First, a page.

Last week Punxsutawney Phil predicted six more weeks of winter(*) but the birds know spring is on its way.
Northern cardinals (Cardinalis cardinalis) don't migrate so they're a good species to watch for early signs of spring. Some pairs stay together all winter on their home territory or in mixed flocks.
In February they begin to court. The males become aggressive toward other males and solicitous to their ladies. And they begin to sing. (Xeno-canto recording # 356015 by Ted Floyd)
Watch your local cardinals for these courtship behaviors:
- Lopsided pose : The cardinal tilts up one side of its body, raises one wing, lowers its crest and exposes its belly, sometimes rocking side to side.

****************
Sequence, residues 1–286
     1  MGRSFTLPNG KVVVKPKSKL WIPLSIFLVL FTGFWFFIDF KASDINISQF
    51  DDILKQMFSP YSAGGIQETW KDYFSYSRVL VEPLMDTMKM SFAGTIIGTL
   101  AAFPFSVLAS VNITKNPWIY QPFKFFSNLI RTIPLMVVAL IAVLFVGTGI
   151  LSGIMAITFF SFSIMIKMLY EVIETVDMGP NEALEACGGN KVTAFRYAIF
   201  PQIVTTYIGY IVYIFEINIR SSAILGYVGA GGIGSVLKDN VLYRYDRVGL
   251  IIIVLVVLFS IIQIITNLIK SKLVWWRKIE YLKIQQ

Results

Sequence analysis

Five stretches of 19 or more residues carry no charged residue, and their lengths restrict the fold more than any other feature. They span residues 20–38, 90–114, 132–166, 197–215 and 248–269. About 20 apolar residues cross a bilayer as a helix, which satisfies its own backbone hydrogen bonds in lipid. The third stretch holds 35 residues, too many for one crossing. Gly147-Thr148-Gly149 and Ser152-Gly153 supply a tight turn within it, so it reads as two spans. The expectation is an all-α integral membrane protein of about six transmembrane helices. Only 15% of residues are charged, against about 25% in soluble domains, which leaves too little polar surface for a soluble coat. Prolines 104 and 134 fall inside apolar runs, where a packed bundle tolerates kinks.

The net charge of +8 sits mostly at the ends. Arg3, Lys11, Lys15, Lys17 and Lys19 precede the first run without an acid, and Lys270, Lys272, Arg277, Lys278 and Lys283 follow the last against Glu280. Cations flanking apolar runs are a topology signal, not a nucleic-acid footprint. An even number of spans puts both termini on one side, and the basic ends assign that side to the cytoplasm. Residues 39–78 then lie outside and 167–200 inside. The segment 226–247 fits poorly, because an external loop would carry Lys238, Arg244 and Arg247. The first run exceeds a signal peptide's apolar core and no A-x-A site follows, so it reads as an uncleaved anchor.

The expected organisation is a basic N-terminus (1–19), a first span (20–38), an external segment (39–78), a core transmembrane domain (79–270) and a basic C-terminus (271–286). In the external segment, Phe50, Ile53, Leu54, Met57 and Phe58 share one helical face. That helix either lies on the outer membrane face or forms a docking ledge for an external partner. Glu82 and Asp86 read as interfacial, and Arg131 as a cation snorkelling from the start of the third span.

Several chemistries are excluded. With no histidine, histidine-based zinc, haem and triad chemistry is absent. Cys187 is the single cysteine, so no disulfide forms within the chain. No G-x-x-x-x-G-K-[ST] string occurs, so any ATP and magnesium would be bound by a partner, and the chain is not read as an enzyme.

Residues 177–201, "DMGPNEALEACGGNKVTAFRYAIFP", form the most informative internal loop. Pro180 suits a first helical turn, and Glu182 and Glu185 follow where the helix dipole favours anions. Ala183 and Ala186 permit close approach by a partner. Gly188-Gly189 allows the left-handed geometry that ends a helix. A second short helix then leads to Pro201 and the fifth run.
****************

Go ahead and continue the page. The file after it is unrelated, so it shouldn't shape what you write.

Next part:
- Song-dance display (shown by a female cardinal above): The bird stands erect, raises its crest and one wing.
- Song-flight display (quoted from Birds of North America): In flight the male fluffs his breast feathers, raises his crest, sings, and descends slowly toward his mate in short, rapid strokes. (Is the male doing this in the top photo?)
- Territorial Singing: (audio above)
- Counter-singing: Female cardinals counter-sing with their mates.
- Courtship feeding: The male cardinal presents food to his lady, beak to beak. Gene Wilburn in Port Credit, Ontario captured a male feeding his lady with a "kiss."
Cardinals are courting. Spring isn't far away.
(photo credits: wing flash in the snow by Marcy Cunkelman, The Kiss by Gene Wilburn via Flickr, Creative Commons license)
NOTE(*): On Groundhog Day the Spring Equinox is six weeks away ... so it's always true that we'll have "six more weeks of winter."